Two different post modifications associated to same pointer are rejected by the assembler. Such dual memory instruction should not appear in the code. When a post modify is used in conjunction with a no modify then the post modification is performed.

5.7.1 Coefficients Pointer

The processor architecture supports a class of instructions similar to dual MAC operands which involve the fetch of three memory operands per cycle. Two of these operands can be addressed as dual memory access; the third one is usually the coefficient and resides on a separate physical memory bank. A specific pointer is dedicated to coefficients addressing. Table 42 summarizes the CDP modifiers supported by the address generation unit.

TABLE 42
CDP Modifiers
Mod Notation Operation
00 coef(*CDP) No modification
01 coef(*CDP+) Post increment
10 coef(*CDP−) Post decrement
11 coef(*CDP+DR0) DR0 index post increment

family processor compatibility—AR0 index

When FAMILY mode is set, the DAGEN hardware selects the AR0 register as the index or offset register instead of DR0. (Global DR0/AR0 re-mapping from FAMILY mode).

5.7.2 Soft Dual Memory Access

The parallelism supported by the processor architecture allows two single memory access instructions to be executed on same cycle. The instruction pair is encoded as a dual instruction and restricted to indirect addressing and dual modifier options.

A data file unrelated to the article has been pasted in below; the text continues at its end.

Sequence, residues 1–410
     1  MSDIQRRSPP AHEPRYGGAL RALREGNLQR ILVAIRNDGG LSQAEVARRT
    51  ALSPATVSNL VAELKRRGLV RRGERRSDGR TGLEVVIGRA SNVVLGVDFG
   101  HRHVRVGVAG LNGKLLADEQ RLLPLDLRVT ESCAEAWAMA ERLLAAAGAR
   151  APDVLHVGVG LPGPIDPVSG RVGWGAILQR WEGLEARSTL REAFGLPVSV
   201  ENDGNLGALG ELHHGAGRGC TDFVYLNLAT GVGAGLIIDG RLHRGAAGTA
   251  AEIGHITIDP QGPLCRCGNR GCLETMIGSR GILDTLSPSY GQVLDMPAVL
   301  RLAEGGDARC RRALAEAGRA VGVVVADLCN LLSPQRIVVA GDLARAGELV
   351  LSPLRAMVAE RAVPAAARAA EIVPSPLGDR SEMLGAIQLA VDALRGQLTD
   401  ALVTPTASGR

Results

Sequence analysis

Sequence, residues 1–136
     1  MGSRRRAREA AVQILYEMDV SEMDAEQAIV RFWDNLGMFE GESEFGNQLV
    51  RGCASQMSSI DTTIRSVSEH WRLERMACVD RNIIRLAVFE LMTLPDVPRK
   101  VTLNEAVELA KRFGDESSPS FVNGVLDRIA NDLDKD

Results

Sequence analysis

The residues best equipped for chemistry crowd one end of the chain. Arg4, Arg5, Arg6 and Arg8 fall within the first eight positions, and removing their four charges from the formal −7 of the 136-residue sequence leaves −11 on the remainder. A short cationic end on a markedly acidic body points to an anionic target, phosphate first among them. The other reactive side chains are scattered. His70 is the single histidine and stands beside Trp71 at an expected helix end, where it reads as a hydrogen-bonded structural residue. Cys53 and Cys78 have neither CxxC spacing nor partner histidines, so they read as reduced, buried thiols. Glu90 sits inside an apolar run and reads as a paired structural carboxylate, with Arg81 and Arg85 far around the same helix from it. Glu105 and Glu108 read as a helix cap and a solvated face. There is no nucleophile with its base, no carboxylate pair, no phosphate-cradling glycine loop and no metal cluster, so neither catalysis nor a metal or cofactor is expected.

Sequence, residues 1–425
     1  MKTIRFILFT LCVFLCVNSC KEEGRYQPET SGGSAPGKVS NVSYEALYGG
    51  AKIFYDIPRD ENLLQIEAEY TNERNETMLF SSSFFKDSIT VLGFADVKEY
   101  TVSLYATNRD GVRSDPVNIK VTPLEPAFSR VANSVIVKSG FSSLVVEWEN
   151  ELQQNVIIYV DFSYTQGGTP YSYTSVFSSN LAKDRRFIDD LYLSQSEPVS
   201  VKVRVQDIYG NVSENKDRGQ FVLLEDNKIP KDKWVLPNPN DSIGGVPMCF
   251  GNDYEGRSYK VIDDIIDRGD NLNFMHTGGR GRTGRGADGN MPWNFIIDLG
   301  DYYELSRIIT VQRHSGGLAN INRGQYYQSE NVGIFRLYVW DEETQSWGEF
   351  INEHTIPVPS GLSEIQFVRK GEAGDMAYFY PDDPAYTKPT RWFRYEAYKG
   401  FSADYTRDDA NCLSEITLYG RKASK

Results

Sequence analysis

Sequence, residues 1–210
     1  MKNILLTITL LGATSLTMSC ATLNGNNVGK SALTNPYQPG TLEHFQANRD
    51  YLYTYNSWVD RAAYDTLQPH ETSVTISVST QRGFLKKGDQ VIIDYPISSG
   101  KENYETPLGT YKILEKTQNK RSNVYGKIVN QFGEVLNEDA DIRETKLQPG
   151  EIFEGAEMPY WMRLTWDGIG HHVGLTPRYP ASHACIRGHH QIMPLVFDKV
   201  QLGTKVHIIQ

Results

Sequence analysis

To optimize address computation speed, the instruction fields which control the address unit have the same position as for a dual instruction and are independent of the formats of the instruction pair. The “soft dual” class is qualified by a 5-bit tag and individual instruction fields are reorganized as illustrated in FIG. 47. There is no code size penalty. By replacing two Smem by an Xmem. Ymem we free up enough bits to insert the “soft dual” tag. The soft dual tag designates the pair of instructions as memory instructions. Since the instruction set mapping encodes memory instructions within in the range [80-FF], we can get rid of the opcode #1 MSB along soft dual fields encoding.

Each instruction within the instruction set is qualified by a ‘DAGEN’ tag which defines the address generator resources and the type of memory accesses involved to support the instruction, as summarized in Table 43. The feasibility of merging two standalone memory instructions into a soft dual instruction is determined by analysis of the DAGEN variables and by checking for operators and buses conflicts.

TABLE 43
Standalone memory instructions classification
DAG
code DAGEN tag X Y C SP Definition
01 DAG_X x Pointer modification without memory access
02 DAG_Y x Pointer modification without memory access
03 P_MOD x Bit pointer/Conditional branch with post-modify
08 Smem_R x Single memory operand read
09 Smem_W x Single memory operand write
10 Lmem_R x Long memory operand read
11 Lmem_W x Long memory write (E request)
12 Smem_RW x Single memory operand read/modify/write (2 cycles)
13 Smem_WF x Single memory operand write with shift (F request)
14 Lmem_WF x Long memory write with shift (F request)
15 Smem_RDW x x Memory to memory @src ← *CDP